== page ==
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Hospitals Look to Overcome Language Gaps
Associated Press
September 1,  2003

WASHINGTON (AP) -- The nurse ordered an oral antibiotic to clear up the 7-year-old's ear infection. But the mother spoke no English - and a bystander pulled in to translate told her to pour the drug into the girl's ears.

It was one of dozens of dangerous translation errors Dr. Glenn Flores uncovered when he taped exams of 70 Spanish-speaking children in some Boston emergency rooms and clinics. And that's just examining the nation's most common foreign language - imagine the difficulty when a hospital encounters its first patient speaking, say, Hmong.

About 21 million p eople in the United States speak limited or no English - 50 percent more than a decade ago - and health workers are struggling to care for them.

Hospitals "are reeling from the major change in the number and diversity of languages they're encountering," says Ellen Pryga of the American Hospital Association. "The reality is ... if someone shows up who needs services and doesn't speak English, you have to figure out how to communicate with them. It doesn't matter if they're the only one you've ever encountered who speaks Swahili."

Unable to hire an interpreter for every language, they're trying creative methods: volunteer translator clubs, telephone interpreters, teaching foreign phrases to doctors, and hiring bilingual nurses, clerks, even janitors who can translate in a pinch.

But the question is what works. Special training is probably crucial because general fluency in a language seldom guarantees knowledge of complex medical terms, says Yolanda Partida of Hablamos Juntos, a program started by the Robert Wood Johnson Foundation to improve Spanish health communication.

Hablamos Juntos is funding 10 experiments around the country to find innovative solutions, especially in hard-hit rural areas like central Nebraska. Six counties where the  Hispanic population more than tripled in the 1990s are preparing to test a videoconferencing system that would let emergency rooms and maternity wards share 24-hour access to Spanish-speaking interpreters - and train additional translators long-distance.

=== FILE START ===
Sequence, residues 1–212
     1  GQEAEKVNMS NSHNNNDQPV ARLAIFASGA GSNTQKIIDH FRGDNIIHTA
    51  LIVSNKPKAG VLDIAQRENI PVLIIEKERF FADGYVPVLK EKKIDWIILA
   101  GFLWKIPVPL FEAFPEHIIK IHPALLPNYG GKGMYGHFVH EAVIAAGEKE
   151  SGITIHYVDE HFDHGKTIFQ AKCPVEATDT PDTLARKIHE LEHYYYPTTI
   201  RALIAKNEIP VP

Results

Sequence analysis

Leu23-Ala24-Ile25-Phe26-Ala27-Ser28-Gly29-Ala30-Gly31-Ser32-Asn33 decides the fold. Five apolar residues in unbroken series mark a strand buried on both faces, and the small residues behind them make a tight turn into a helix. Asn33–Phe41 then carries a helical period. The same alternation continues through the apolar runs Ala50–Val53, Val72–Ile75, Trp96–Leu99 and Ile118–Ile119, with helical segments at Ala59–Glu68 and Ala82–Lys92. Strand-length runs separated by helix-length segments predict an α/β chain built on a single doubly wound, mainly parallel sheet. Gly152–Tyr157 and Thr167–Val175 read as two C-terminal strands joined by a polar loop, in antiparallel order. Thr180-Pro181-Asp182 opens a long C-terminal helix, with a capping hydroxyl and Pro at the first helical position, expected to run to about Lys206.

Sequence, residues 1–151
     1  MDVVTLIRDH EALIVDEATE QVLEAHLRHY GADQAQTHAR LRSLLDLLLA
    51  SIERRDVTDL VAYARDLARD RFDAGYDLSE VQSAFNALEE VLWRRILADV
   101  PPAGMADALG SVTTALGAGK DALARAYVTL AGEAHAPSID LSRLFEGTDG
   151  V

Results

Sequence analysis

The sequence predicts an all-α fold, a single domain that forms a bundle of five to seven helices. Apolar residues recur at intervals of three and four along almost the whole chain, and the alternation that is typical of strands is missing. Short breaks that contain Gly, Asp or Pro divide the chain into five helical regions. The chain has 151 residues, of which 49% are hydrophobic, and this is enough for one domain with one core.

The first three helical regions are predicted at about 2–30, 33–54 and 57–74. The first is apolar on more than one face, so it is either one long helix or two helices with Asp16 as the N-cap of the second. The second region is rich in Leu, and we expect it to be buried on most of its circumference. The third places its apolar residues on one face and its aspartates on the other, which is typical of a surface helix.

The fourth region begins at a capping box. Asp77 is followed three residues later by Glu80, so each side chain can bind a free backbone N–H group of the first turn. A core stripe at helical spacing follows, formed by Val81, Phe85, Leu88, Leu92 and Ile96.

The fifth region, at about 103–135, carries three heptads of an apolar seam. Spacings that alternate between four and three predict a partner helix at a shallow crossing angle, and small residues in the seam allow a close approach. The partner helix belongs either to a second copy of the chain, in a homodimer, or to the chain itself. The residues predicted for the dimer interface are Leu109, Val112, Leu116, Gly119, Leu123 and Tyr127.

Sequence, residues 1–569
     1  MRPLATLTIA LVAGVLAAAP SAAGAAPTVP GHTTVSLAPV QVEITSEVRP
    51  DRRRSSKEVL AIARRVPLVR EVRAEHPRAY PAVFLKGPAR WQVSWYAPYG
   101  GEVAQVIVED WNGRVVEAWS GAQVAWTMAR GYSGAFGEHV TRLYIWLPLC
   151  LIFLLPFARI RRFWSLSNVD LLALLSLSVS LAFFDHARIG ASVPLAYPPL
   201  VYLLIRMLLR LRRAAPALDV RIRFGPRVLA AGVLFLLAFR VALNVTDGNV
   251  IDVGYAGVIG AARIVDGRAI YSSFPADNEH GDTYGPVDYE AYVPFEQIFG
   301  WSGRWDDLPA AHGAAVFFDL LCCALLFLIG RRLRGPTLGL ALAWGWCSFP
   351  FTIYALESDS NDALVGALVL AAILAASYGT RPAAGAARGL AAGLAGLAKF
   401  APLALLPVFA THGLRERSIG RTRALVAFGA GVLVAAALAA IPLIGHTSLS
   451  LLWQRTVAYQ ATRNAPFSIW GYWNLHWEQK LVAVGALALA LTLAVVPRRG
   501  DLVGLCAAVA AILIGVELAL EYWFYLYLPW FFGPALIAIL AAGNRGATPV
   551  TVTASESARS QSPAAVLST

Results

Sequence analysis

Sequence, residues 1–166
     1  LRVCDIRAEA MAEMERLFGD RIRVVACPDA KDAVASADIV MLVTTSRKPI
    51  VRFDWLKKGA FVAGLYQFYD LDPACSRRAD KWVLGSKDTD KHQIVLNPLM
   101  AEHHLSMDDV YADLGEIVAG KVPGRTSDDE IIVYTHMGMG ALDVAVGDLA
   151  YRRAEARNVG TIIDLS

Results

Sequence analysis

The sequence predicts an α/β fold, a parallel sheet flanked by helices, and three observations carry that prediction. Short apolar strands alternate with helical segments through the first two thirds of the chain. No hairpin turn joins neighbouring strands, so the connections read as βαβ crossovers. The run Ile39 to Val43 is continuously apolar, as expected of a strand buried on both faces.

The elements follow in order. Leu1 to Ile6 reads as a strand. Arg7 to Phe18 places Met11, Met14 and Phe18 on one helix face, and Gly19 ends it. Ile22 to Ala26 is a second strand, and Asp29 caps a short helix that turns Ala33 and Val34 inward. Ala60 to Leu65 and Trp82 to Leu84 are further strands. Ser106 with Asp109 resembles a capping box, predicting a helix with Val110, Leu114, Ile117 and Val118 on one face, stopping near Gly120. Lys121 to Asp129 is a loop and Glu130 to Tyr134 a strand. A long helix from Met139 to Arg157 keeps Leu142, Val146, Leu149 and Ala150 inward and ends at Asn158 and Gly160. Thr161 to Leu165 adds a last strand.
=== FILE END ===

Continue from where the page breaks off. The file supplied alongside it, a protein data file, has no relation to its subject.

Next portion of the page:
Doctors generally can't turn away sick patients because of language barriers. Civil rights law requires health facilities that accept any federal funding to make provisions for  non-English speakers.

Just how many languages different facilities must be able to tackle, and using what methods, the law doesn't make clear. The government this month proposed an updated set of guidelines to help sort that out. Nor are there good statistics on how often or how well translation services are

But studies show many non-English speakers go without an interpreter - and thus shun health care until they're so sick they wind up in the emergency room - or use untrained bystanders.

"The default position of many providers is to rely on family members and friends because that's what's convenient and the provider doesn't have to worry about how to pay for it," says Mara Youdelman of the National Health Law Program. "The end result is there are significant medical errors."

Indeed, research by Flores, of the Medical College of Wisconsin, suggests that avoiding risky errors requires professional interpreters with more than 100 hours of health training. Yet one survey suggests just a quarter of hospitals train interpreters; how much varies widely.

Often children do the interpreting, even if a parent or sibling is being diagnosed with a serious disease. Legislation under consideration in California would ban child interpreters.

Then there's false fluency - health workers who think they understand a word but don't. Flores recounts a 2-year-old who fractured her collar bone. "Se pego," her mother told the doctor, who thought that meant the child had been hit and reported possible abuse. The mother lost custody for 48 hours until interpreters clarified that the girl had fallen from her tricycle and struck - se pego - her shoulder.

Interpreter services are supposed to be free to patients, but health workers report paying from $7 an hour to $50 an hour for professional interpreters. Medicaid allows states to draw federal matching funds to help cover the costs but only nine - Idaho, Hawaii, Maine, Massachusetts, Minnesota, Montana, New Hampshire, Washington and Utah - so far do. Pennsylvania and Kansas are preparing to.

"Ultimately this is costing the system more" to skip an interpreter, says Flores, citing research that found access to interpreters increases cheaper preventive care.


EDITOR'S NOTE - Lauran Neergaard covers health and medical issues for The Associated Press in Washington.

Copyright 2003 Associated Press. All rights reserved.